His real name was Henry MacLennan Lauder, but he was called Harry. His wife's real name was Annie Valance but he called her Nancy. In the dangerous coal mines of Scotland, Harry would sing to drown his fear. The other miners began asking him to sing and soon he was entered into a local talent contest. He won second prize but his musical career was started.
It was love at first sight with Annie Valance. She was "destined to be the only woman he would ever love, it was love at first sight and he could think of nothing or no one else." He wrote the following song for her:
"I Love a Lassie"
"She is my Rosie"
"Queen Among the Heather"
"She's the Lass for Me"
"Bonnie Wee Annie"
When their son was killed in WW I, Harry was performing in London. They closed the theater and he rushed home to Annie. But, she encouraged him to return to London because their were others grieving who needed his songs and laughter. Closing the show also put people out of work and so he returned. The last words spoken by his son on the battlefield of Flanders were "Carry On." and so he did. "The Show Must Go On" was given birth. When the curtain went down on that first show, Harry Lauder fainted.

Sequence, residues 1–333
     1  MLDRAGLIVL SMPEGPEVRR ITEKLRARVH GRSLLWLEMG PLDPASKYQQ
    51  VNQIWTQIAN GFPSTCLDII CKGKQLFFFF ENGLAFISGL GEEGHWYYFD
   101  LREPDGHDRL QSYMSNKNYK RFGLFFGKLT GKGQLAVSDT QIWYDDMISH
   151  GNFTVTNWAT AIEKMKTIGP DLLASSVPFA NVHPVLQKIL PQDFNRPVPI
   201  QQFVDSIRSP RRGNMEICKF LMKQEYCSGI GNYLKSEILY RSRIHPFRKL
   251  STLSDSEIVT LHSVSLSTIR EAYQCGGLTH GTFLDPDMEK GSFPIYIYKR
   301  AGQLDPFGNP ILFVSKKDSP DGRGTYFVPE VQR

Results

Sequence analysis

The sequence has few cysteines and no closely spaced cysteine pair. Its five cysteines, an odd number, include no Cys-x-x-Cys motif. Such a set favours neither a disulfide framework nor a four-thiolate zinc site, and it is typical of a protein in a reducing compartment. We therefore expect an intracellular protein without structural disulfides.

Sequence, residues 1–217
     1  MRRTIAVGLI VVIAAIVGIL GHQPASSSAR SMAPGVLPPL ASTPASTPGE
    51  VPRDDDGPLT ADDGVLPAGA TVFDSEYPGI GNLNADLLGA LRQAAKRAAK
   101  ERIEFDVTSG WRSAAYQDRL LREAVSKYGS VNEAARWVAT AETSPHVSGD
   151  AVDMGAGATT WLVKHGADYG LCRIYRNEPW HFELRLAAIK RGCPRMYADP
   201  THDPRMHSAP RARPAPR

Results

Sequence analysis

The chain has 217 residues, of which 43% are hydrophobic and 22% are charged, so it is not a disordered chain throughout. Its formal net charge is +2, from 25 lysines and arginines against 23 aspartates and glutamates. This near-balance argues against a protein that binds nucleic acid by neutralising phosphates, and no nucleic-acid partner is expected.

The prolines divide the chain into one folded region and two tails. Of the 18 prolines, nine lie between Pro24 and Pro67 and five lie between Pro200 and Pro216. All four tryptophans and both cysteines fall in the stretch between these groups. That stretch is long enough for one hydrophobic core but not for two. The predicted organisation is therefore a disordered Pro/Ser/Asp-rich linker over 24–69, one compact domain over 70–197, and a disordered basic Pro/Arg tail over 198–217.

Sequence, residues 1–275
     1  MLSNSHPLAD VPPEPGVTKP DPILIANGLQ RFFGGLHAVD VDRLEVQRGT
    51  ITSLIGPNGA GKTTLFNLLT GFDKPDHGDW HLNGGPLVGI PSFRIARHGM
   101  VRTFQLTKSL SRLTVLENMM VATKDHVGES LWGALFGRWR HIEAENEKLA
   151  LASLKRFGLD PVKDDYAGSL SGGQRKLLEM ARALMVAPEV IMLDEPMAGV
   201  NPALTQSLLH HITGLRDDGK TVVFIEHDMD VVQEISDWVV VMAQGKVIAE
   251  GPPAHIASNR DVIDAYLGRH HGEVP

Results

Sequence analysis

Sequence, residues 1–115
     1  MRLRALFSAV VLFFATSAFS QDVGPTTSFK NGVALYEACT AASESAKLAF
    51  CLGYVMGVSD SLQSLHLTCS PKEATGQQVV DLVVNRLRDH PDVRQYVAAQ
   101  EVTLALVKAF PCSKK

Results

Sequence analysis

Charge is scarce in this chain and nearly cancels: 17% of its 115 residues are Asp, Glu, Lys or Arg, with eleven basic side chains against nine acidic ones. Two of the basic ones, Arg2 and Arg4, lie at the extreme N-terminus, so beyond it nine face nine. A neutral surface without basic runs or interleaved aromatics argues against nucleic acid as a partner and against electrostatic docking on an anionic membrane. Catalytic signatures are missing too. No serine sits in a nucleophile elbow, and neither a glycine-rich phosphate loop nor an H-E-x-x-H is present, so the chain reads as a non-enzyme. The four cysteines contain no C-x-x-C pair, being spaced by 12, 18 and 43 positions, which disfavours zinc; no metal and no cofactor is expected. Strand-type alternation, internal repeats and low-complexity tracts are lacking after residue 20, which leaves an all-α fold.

During the war, Harry Lauder at his own expense, hired 100 pipers to march the length and breath of Scotland to recruit soldiers. "Which is why the bulk of the British forces in WWI were Scots." The Germans called them "The Ladies From Hell" because they wore kilts, shouted Gaelic war cries and were absolutely fearless in battle. Scottish losses were horrific. I have mentioned before that after the war it was reported there were towns and villages in Scotland without a single young man eligible for marriage. I wonder if populations figures bear this out?
Harry Lauder became a millionaire but never demanded a certain fee for performing. He always took whatever was offered. "The knight of the Music Hall, the poor coal miner who became a millionaire and an international celebrity, died in Strathave, Scotland on February 26, 1950."